To prepare for my 24-minute running adventure, I carb-loaded. I’m pretty sure it wasn’t necessary but I’m a born-again runner and I’m relearning the rules.
Over the last few weeks, I’ve started to run again. Like outside. On the ground. Not on a special space machine. I’m pretty appreciative of this development.
Last Saturday I rode my bike from my apartment on the West Side, through Central Park and then all the way down Park Avenue to the Brooklyn Bridge. And back.
How was I able to do that? Because I am a biking goddess! And because the NYC DOT closes Park Avenue to car traffic from 7am to 1pm the first three Saturdays in August in a festival called Summer Streets.
It’s been nearly two months since my last post.
Cycling 22 miles to Coney Island was pretty much a mic drop as far as this blog and my fitness life are concerned so I’m okay with the dramatic hiatus.
I am certain that questions of my whereabouts crowded web forums in similar style to chatter about Tupac’s disappearance. That is unless you follow me on Instagram. From my millennial-esque oversharing, you know exactly where I was. (#ButWhereisTupacREALLY?)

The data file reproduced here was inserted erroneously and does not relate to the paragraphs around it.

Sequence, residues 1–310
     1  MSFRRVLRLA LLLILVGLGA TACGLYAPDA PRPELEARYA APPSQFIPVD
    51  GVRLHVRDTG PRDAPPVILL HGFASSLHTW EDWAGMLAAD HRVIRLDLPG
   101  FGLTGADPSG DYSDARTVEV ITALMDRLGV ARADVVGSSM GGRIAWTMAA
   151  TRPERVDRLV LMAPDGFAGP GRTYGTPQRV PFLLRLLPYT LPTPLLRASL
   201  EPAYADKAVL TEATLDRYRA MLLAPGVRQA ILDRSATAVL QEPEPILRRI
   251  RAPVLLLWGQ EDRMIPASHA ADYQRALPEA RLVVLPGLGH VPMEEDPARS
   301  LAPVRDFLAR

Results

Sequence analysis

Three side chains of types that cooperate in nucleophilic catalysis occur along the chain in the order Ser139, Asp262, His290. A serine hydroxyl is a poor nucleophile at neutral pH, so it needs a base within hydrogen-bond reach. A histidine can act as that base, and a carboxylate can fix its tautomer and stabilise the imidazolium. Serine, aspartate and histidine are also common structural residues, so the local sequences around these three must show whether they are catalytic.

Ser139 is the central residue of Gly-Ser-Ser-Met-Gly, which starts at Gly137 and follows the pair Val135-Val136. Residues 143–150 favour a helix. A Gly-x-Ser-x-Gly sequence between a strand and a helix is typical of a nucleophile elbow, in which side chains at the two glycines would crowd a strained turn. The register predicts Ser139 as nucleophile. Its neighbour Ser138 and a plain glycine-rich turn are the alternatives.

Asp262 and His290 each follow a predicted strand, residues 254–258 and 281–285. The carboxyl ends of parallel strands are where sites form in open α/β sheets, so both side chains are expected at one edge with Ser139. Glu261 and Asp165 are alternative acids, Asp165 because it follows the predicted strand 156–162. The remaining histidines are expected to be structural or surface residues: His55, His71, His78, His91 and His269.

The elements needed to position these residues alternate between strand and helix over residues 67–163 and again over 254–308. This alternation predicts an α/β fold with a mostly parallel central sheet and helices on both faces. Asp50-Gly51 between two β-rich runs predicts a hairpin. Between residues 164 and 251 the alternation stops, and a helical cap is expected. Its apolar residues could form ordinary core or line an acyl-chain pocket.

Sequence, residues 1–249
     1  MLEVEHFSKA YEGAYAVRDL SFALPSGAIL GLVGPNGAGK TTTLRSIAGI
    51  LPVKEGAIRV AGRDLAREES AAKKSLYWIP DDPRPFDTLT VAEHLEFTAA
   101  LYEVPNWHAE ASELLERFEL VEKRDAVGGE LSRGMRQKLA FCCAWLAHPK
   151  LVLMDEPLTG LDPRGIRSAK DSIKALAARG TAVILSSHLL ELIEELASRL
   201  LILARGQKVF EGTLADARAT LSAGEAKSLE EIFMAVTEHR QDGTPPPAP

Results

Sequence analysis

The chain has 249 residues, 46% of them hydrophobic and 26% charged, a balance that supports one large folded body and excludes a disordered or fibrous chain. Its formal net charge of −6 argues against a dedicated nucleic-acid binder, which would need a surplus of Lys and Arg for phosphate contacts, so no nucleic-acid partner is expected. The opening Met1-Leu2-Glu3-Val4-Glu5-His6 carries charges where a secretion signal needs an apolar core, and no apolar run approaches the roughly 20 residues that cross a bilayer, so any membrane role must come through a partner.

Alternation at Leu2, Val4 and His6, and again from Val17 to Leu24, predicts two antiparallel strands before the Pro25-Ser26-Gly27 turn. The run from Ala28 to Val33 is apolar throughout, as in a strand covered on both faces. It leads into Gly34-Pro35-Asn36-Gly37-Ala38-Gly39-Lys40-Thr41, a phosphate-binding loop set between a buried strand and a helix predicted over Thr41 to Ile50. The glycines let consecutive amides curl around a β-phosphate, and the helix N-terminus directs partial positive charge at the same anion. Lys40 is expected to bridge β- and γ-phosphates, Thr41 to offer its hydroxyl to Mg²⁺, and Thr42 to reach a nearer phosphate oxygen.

I was in Washington last week and saw my old orthopedist. Ahh first loves! (I lived in DC for nearly 6 years before moving to New York.) I’ve become the sort of traveler who packs her MRI next to her travel toothbrush so I was ready to go when he had a last minute opening.
Sunset in DC from Union Station. Union Station > Penn Station
After my first race (the Broad Street 10 miler) I wound up with a hairline fracture. Without much fanfare, I found a doctor who took my insurance… and then quickly fell in love with him. He actually solved my ailment immediately! He prescribed orthotics and physical therapy and eventually my ankles were back in business. After all the rigmarole, this time around I was excited to return to someone who had proven he knows what’s up.
I received a cortisone shot. After 5 months with no change to my ankle, my doctor (the second one) suggested a cortisone shot.
This wasn’t a surprise, he mentioned it as an option a few months ago should the pain persist, which it did. Currently, I’m of the belief that any action is better than the months of inaction, so nervously I agreed. I can be a little finicky at the doctor’s office. I never refuse treatment or cry or make a scene. But I’ll make about 20 nervous jokes in the span of 4 minutes all of which are directly related to my fear.